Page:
- Top Row Functions – G8 to E7
- Row 1 – D#7 to C6
- Row 2 – B5 to G#4
- Row 3 – G4 to E3
- Row 4 – D#3 to C2
- Row 5 – B1 to G#0
- Row 6 – G0 to E-1
- Row 7 – D#-1 to C-2
Here’s a video showing what this looks like:
Adding the Monome
At this point, we have 1 direction of MIDI communication with Ableton sending fake button presses to MLRv. To get the most out of our setup, we’ll also capture real button presses on the monome and send them to Ableton so our jam sessions can be recorded and played back.
To do this on a PC:
- In Ableton’s MIDI preferences, enable the “Track” input of another virtual MIDI port
- Create a new MIDI track that is listening to channel 15 of that port
- In Max/MSP, enable the output of the port chosen in step 1. Give this the abbreviation “a” as that is the abbreviation used by the modified MLRv patch I described earlier.
To do this on a Mac:
- In Ableton’s MIDI preferenes, enable the “Track” input for the “MAXMSP2″ MIDI port
- Create a new MIDI track that is listening to channel 15 of that port
Now run MLRv with your monome plugged in and when you press buttons on the monome, you should see that MIDI events are captured into the Ableton MIDI track. This allows you to record your button presses and play the recorded MIDI clip back into MLRv. Here’s a video of what that looks like:
This post was necessarily a little dry, but in the next post I’ll show some more concrete examples of the interesting things you can do with this setup.
MLRv is a great tool for live performance, as proven by a number of talented button mashers such as Galapagoose and Daedelus. It creates an immediate feedback loop between button presses and sounds that audiences just “get”. But if you’re only using MLRv for button mashing, you’re missing out on a ton of potential it has as a production tool that can be readily tied into your workflow.
Let me first back up and explain what I mean by workflow. Workflow is your
generalized process for creating a song. A typical workflow might be:
A) Record MIDI tracks
B) Arrange tracks
C) Add effects
So what makes the difference between an efficient workflow and an inefficient workflow? An efficient workflow allows you to go back to any earlier step in the process and make a change that flows down to future steps. In our example above, if I realize that a single instrument would sound better in a different register, I can update the appopriate MIDI track and, with minimal effort, I’m back at step D.
So what is an innefficient workflow?
A) Record multiple instruments onto 1 track
B) Play the recording through an effects unit and record the results
This is a difficult workflow because if a change needs to be made to a single instrument, all instruments need to be re-recorded, and the whole song has to be re-played to add the effects.
While there is no single “correct” workflow, you can see how someone using the first workflow has more freedom to experiment because the cost of making a mistake is lower.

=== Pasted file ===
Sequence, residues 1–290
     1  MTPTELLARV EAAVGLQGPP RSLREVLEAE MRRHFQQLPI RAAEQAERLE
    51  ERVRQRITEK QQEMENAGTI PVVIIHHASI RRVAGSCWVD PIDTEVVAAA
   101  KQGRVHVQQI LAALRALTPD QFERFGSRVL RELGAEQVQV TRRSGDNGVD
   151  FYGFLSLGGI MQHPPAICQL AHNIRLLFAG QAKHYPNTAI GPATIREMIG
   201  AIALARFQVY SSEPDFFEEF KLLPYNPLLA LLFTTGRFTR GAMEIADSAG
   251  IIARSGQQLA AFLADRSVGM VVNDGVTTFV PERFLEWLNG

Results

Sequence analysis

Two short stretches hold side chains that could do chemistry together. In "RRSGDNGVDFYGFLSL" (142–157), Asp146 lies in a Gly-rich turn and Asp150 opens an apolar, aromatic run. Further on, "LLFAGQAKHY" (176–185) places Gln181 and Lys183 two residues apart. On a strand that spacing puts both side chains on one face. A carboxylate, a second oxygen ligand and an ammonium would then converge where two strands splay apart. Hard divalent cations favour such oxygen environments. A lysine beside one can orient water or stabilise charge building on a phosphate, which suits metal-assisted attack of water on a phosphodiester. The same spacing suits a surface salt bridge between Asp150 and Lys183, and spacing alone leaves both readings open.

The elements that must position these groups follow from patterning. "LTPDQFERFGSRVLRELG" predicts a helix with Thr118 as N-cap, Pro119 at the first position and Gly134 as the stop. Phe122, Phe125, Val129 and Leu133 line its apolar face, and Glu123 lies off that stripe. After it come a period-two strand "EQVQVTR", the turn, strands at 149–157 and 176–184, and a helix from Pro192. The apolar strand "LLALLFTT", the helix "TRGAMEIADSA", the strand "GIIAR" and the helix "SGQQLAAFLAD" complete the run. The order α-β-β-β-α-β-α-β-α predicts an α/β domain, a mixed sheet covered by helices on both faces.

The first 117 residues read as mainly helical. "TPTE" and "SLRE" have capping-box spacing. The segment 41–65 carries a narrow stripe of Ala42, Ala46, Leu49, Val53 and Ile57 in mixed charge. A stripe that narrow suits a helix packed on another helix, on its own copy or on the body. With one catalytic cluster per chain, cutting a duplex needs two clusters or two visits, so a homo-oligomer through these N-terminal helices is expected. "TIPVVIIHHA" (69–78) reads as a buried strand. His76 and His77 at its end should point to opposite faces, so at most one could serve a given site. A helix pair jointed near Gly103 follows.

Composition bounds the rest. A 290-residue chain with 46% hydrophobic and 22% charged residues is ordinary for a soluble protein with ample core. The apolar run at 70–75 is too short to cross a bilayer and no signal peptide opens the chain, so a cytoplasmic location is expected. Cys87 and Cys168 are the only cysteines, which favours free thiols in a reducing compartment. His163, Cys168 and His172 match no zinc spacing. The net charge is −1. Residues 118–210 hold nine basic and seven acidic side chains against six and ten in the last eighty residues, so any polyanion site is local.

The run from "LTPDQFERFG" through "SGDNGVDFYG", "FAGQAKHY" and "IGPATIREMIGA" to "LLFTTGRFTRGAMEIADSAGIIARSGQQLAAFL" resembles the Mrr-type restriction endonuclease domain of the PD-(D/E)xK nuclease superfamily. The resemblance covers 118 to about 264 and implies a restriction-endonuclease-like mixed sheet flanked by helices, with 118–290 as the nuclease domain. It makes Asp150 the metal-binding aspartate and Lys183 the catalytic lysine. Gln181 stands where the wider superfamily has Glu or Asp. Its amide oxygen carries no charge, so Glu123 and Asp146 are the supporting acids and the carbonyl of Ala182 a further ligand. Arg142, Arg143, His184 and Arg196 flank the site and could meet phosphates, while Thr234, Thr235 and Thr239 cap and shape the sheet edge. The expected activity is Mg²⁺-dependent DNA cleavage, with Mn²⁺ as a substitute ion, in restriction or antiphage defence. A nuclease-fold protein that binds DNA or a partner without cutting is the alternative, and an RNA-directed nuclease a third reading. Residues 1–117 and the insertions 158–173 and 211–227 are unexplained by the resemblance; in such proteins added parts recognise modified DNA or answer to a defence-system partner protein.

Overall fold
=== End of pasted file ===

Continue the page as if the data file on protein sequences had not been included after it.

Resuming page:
So what does this have to do with MLR? I suppose that lots of people are using an ineffient workflow. If you are simply recording yourself playing MLR, you have no opportunity to go back and fix 1 mistaken button press without re-recording your session. Additionally, you’re limited to playing as fast and as skillfully as your fingers allow. What if you want to chop 1/32 notes? By incorporating Ableton and MLR’s “midi remote” capability, you can record your sessions into Ableton MIDI clips that can then be tweaked to your liking.
In my next post, I’ll walk through the workflow I used to create a remix of Edison’s “My ex fan gary” and show you how I configured MLR and used automation to create sounds that could never be made with normal button mashing.
Launching a new blog immediately before 2012 may be a lot like installing a spice rack while your house is burning, but I’ve had the itch to start something new for a while and that something is this – Floader.
Some people have asked why I’ve discontinued using the mtn moniker. While I’m still hugely proud of the work I accomplished under that name, including my album, software, and live work, it simply had no focus. If you scroll down to the bottom of the mtn homepage you’ll see songs stretching back all the way to 2001 when I was annoying the shit out of my freshman-year roommate by experimenting with reverb and compression effects through 2011 when I switched gears towards beat-driven music ready to play live. It’s now 2012 and I feel as though a break from the past is in order. This blog will give me an excuse to create and share while I try to live up to my newly formed standards of quality and originality.
In order to provide incentive for coming back, I’ll be posting my creative output (music, code, visualizations, etc) here moving forward. I’ll start with a track I produced recently that seems fitting with the theme of new beginnings. It reminds me of Vangelis and Carl Sagan and makes me want to launch a star-ship or at least a fast-food chain.